The lead story in Tuesday's edition of the Seattle Post Intelligencer (yes, more important even than Bill Gates' pending retirement) was a piece about the successful search for the bodies of missing snowboarders Kevin Carter, Devlin Williams, and Phillip Hollins, who had failed to return from a backcountry snowboarding trip near Crystal Mountain in December and were presumed dead.
The article detailed the efforts of Chris "Scotsman" Willis, who had spearheaded the search party "organization" by posting on http://www.turns-all-year.com, and had quickly gathered a group of willing volunteers and set a time and place to meet. The author was impressed with how efficiently the search effort was able to operate with seemingly no clear leader or supervising entity.
Local BC skiers Joe "Joedabaker" Schaaf, who had been among the last people to see the three alive, and Lowell Skoog, who had intimate knowledge of the intended search area, were quick to lend their expertise, and the group was able to locate a corner of a tent (actually a bivy sack) almost immediately upon arriving at the search site. This lead to uncovering the bodies of all three men, who had apparently been camped at the site when an avalanche hit them.
Joe later offered to go live on KIRO 710's "The Ron and Don Show" with his account of the search operation, which you can listen to here. Joe does a great job of representing the backcountry sliding community and helping make the "code" of the BC understandable to newcomers. As we all know, anyone willing to hike for hours to enjoy a few minutes of sliding on snow is not exactly a stranger, even if we've never met them. They're just an introduction away from being a best friend. And all of us who ski in the backcountry know in our hearts that our friends would come out to look for us if we were the ones to perish.
June 23, 2008:
Not much time for skiing this month, with graduations, parties, and bike races to attend.
My son Nicholas finished his undergraduate studies at Seattle University, and we all attended the ceremonies at Qwest Field. The commencement was quite enjoyable, as we actually saw Nick walk out on the field and heard them read his name. This in contrast with the previous day's commencement at the University of Washington (yes, we sat through both, this one for Nick's girlfriend Andrea), where the process seemed to go on forever, and they only read the names of the doctoral candidates. Keynote speaker Quincy Jones was cool, though.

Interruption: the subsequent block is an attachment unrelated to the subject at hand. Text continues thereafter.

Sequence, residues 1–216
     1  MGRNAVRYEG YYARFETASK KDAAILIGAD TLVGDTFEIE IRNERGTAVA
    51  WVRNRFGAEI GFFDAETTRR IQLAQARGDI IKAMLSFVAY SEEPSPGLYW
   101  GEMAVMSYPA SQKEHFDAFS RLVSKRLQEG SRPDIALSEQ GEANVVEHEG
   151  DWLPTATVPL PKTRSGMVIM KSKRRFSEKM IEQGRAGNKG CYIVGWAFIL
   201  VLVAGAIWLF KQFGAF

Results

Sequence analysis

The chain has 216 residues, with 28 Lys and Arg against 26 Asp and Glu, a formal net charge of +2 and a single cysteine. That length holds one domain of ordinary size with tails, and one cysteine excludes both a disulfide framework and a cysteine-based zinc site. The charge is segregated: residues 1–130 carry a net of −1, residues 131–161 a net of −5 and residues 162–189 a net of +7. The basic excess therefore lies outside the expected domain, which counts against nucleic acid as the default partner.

We do a lot of cycling in our family, too.
As I like to point out, all the skiers bike and almost all of the bikers ski. Seth Davis' 31st birthday ride was a lot of fun - we cruised south through Maple Valley with an assortment of skiers and retired bike racers, and I threw in an extra 30 miles to bump the total over 100 for the day. I've also been helping my son Jordan with his equipment and race strategy in his first year of bike racing; he's had solid results in the Northwest Collegiate Cycling Conference, racing for the University of Washington, and lots of top-ten finishes in Cat. 5 before moving up to Cat. 4. Unfortunately, he and his teammate were involved in a huge crash at the finish of the state championship criterium in Olympia last Sunday, resulting in lots of road rash and a trashed frameset.
August 17, 2008:
You know the dog days of summer are here when the temperature climbs into the 90's in the Northwest. Seattleites, who don't know any better, complain bitterly about the oppressive heat. Ice machines break down in restaurants, but no service people are available for days because everyone else's ice machine is also down. Sweat rolls down your face every time you stop your bike at an intersection. And the cry goes out on Turns-All-Year.com for the annual Slush Cup event at the Pinnacle Glacier pond.